I was asked once why EMTs don't like transports. Although they are important, and part of the job, they aren't really what gets people into EMS. No one would watch a show about Johnny and Roy transporting an elderly patient back to the nursing home after she's been sent in to the ER for the thirtieth time that week, for some kind of pneumonia. There's little glamour in taking vitals every 15 min on a stable cardiac patient, who is going for a heart operation. No one looks forward to transporting some potentially violent psych patient across the state to a mental health facility.

But these transports all involve human beings: someone's son, daughter, mother, father, grandmother, uncle, aunt, etc. They all involve providing care for a living breathing person and can't be taken lightly. As long and dull as these trips may be, they are all the heart of providing care. Whenever I'm taking a transport, I try to treat the patient as is they were my own family member. I try to make sure that the person is comfortable, that they are cared for, and that they receive the best care.

The job of a paramedic is not always exciting, or dangerous. Often it involves sitting and holding the hand of a person who needs a little TLC. I can't say that I really enjoy long distance transports, but I know that they are a vital part of my job.

Take care, all, talk to you again soon


Sunday, February 1, 2009

Superbowls, Conferences, and a Million Dogs....

Right now, I'm watching the Steelers and the Cardinals play in Superbowl 43. Unlike most men, I'm not much of a sports fan. I'll watch sporting events from time to time, but I'd rather read, or watch a movie. I've never really had a football team to root for, so the whole superbowl hype is pretty much lost on me. I'm favoring the Steelers because they are from Pennsylvania, which is where I've lived the longest. Win or lose, I'm not going to be too upset.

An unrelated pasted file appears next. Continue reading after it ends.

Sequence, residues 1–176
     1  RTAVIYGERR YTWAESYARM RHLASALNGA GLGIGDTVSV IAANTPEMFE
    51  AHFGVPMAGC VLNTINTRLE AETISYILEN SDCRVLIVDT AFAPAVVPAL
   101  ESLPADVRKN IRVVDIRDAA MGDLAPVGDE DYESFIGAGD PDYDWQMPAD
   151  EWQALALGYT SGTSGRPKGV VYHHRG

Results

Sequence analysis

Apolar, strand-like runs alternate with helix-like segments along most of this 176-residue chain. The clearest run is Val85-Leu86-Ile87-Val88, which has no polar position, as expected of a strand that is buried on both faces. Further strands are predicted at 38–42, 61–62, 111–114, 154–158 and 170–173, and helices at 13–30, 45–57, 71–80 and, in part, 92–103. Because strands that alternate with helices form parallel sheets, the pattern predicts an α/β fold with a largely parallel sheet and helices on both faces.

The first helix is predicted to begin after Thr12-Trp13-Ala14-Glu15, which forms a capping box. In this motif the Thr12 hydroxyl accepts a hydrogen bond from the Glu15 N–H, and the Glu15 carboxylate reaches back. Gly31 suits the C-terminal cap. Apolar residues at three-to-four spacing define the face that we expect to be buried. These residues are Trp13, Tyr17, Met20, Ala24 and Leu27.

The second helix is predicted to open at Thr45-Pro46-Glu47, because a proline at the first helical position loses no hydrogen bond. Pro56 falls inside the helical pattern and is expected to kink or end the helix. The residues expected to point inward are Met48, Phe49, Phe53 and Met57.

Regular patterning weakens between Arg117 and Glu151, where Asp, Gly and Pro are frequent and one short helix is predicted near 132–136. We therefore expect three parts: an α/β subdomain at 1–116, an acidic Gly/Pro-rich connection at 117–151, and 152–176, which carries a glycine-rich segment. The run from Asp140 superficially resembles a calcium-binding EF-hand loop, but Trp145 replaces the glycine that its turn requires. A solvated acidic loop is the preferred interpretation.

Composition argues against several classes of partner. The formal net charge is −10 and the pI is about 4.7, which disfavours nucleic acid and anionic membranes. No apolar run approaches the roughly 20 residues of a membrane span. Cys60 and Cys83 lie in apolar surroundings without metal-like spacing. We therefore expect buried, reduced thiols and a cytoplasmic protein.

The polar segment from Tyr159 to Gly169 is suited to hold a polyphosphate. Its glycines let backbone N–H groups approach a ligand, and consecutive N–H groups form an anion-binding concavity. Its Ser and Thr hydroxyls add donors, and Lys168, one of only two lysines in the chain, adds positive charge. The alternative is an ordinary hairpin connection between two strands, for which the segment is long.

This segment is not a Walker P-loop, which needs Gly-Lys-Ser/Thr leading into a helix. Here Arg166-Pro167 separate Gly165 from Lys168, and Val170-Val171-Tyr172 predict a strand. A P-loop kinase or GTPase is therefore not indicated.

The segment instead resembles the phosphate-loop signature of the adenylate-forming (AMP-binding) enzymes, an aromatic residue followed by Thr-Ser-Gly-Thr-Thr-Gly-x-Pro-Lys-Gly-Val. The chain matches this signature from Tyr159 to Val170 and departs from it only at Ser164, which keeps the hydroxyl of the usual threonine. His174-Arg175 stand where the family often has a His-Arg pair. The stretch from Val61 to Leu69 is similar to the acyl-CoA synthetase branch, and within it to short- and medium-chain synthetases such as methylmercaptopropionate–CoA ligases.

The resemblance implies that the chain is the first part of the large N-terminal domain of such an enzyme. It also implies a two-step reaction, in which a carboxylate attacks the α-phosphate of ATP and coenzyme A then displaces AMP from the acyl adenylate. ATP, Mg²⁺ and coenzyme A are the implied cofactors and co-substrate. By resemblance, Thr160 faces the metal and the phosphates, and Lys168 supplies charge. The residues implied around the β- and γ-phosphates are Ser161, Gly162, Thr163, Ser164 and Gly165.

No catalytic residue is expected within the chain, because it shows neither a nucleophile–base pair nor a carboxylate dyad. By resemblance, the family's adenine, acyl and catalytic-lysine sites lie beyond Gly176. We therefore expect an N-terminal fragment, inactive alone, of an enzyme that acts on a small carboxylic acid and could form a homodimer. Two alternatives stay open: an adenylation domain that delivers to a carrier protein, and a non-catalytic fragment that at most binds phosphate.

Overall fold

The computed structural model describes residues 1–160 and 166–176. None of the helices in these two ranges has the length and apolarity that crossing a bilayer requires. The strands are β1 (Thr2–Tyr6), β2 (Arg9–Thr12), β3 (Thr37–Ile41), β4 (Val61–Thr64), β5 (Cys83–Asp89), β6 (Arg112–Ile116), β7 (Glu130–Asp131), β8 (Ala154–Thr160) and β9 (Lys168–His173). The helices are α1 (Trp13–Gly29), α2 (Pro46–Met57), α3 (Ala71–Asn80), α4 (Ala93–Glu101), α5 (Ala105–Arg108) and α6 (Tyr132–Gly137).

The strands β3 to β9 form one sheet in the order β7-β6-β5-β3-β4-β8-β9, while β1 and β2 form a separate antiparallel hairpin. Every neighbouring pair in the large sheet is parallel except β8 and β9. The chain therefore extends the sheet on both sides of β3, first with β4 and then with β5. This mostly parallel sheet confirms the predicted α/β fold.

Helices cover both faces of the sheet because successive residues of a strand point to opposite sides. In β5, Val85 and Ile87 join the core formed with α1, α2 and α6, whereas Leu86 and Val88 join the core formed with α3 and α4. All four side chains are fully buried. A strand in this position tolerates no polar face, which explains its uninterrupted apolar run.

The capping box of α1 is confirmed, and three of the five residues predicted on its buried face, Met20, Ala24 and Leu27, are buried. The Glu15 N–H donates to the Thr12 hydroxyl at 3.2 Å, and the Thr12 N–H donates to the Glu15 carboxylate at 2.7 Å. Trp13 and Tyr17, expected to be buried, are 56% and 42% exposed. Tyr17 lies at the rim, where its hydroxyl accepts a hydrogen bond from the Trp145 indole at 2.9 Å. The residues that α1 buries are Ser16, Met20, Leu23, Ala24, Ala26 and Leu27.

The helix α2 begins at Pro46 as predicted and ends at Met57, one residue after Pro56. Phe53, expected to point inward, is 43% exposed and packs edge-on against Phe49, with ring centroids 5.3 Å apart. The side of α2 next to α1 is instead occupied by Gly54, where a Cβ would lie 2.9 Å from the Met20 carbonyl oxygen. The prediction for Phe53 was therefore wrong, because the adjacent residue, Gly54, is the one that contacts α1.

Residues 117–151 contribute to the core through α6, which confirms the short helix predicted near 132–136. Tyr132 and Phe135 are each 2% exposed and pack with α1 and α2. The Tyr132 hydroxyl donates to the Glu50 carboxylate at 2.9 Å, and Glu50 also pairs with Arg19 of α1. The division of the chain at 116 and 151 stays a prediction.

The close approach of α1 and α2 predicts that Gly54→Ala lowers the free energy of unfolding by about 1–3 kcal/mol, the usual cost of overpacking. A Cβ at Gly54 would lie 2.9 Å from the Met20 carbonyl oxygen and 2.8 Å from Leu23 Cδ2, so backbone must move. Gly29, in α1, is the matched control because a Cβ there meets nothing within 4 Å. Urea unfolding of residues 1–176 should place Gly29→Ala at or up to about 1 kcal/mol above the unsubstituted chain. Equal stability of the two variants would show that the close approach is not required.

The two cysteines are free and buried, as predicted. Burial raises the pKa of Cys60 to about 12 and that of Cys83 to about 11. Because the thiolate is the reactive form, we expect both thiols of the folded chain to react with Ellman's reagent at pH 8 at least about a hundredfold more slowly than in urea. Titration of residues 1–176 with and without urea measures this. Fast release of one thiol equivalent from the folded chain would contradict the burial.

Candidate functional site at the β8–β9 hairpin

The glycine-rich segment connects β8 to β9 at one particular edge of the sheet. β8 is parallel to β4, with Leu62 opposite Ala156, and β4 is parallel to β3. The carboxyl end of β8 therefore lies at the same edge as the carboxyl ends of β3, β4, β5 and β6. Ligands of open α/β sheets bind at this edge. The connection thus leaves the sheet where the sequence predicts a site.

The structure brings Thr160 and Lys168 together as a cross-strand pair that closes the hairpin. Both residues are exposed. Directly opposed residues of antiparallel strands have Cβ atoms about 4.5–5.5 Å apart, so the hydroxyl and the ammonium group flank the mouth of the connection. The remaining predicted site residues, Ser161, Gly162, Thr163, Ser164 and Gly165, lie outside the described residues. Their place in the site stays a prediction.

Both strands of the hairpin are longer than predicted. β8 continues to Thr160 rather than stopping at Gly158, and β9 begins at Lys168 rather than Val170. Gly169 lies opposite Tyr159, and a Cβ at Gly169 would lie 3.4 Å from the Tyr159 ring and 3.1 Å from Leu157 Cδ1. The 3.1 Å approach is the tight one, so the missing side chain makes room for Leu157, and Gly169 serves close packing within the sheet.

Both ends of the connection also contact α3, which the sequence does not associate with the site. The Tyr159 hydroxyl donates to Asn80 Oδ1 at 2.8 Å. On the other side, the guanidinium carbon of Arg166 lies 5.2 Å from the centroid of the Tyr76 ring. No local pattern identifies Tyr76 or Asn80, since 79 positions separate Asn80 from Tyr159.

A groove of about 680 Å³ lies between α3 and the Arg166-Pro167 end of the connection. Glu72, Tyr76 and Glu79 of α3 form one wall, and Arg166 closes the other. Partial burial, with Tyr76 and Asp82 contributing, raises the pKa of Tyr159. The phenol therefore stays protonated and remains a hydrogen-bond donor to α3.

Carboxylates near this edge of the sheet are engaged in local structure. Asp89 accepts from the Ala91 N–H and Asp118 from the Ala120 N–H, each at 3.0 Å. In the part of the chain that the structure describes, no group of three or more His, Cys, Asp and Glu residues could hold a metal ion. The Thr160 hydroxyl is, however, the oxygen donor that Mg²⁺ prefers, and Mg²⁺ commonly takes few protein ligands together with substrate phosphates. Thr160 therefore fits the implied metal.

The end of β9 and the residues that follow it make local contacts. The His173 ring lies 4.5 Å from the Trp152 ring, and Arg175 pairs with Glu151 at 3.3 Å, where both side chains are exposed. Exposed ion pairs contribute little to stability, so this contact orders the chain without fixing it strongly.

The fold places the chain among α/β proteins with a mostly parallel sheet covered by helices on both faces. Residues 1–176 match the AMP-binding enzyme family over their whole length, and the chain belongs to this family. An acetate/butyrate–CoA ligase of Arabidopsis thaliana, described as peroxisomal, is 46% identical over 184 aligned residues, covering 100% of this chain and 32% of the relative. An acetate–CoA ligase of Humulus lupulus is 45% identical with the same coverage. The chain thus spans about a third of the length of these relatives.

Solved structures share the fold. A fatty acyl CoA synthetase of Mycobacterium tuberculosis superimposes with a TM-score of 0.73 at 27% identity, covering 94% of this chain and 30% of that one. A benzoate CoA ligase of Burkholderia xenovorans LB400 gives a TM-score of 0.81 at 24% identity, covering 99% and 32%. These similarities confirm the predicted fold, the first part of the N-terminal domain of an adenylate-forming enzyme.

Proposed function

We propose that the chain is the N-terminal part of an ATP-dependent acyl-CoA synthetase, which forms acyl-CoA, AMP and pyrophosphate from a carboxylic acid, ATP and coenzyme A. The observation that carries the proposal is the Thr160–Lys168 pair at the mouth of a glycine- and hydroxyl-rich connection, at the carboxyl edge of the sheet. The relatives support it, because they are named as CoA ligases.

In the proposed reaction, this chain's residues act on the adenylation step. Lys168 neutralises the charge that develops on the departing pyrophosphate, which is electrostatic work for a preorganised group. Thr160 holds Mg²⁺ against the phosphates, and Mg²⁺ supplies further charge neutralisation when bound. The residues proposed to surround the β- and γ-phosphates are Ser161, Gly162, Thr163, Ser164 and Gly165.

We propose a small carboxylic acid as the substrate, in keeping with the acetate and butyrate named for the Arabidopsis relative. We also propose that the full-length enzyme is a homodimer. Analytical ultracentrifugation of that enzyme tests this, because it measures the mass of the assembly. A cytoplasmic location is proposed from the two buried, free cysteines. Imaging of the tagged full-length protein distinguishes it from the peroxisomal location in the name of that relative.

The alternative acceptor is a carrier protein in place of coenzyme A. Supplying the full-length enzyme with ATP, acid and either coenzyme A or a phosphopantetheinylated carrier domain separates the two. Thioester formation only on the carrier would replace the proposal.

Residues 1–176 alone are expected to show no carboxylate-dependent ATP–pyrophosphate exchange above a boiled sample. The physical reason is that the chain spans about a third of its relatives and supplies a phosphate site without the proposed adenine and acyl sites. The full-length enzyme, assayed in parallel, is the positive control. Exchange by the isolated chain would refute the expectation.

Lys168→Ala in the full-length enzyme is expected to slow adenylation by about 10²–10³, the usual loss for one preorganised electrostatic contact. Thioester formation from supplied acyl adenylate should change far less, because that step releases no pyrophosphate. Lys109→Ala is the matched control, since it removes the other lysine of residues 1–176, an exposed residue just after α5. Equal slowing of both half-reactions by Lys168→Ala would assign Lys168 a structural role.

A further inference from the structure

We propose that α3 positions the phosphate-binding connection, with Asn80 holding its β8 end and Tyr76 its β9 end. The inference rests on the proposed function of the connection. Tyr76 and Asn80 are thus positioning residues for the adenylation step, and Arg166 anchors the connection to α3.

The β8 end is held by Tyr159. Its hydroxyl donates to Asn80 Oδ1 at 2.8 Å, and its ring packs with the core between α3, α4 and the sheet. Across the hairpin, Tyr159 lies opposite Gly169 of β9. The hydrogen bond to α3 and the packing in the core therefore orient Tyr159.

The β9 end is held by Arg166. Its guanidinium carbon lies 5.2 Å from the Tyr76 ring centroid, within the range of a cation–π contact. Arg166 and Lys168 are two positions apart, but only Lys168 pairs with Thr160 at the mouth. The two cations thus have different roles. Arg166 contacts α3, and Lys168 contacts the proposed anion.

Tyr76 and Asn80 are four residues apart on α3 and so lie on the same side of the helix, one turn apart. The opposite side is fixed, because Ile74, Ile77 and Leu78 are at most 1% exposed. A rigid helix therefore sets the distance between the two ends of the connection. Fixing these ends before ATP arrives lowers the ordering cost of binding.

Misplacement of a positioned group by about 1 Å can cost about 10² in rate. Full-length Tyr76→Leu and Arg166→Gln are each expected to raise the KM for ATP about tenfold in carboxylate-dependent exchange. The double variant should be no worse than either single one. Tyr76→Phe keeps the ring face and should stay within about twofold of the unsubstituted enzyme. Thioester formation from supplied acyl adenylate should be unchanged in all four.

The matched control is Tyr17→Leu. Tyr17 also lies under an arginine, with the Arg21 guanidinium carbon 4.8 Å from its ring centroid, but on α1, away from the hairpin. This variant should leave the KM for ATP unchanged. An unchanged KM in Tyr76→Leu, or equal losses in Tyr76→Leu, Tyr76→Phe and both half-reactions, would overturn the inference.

I can't believe it's been a whole week since my last post. I can't offer any real excuses. I've been busy, but not so busy I couldn't spend some time blogging. Yesterday, I was at an EMS conference here in Grand Junction. We studied such topics as poisons, burn care, trauma situations and practiced our skills. I did meet some guys from a local volunteer ambulance service who tried to get me to join their group. I'm still thinking it over, and I might just use it as a way to get my foot in the door in EMS in this county. Where I'm working now is in the next county over. The company the guys belong to only runs a few calls a month, so it wouldn't be too much of a strain.

This morning, I took Frankie and Max to Palisade to walk around the public park there. The path runs alongside the Colorado River, and during the walk I spotted a bald eagle soaring over the park. He was quite a majestic sight, and for an Easterner like me, it was something amazing. When I pointed him out to some of the other people there, they were much more blase about it. Apparently bald eagles are a common sight out here.
Frankie said he saw about a "Million dogs" on our outing. There were about two dozen dogs, which is more than Frankie had ever seen in his entire life!! He and Max did very well with all these other dogs. Max is such a gentle soul, that I don't think there's much that could make him agressive toward other dogs. Frankie, on the other hand thinks he's much bigger an tougher than he really is. As long as he has a fence between him and the other dog, Frankie is brave and bold. When it comes to face to face, though, Frankie's not so manly.

Back to work on Tuesday. I just finished our taxes, and we are expecting a refund! Whoo hoo!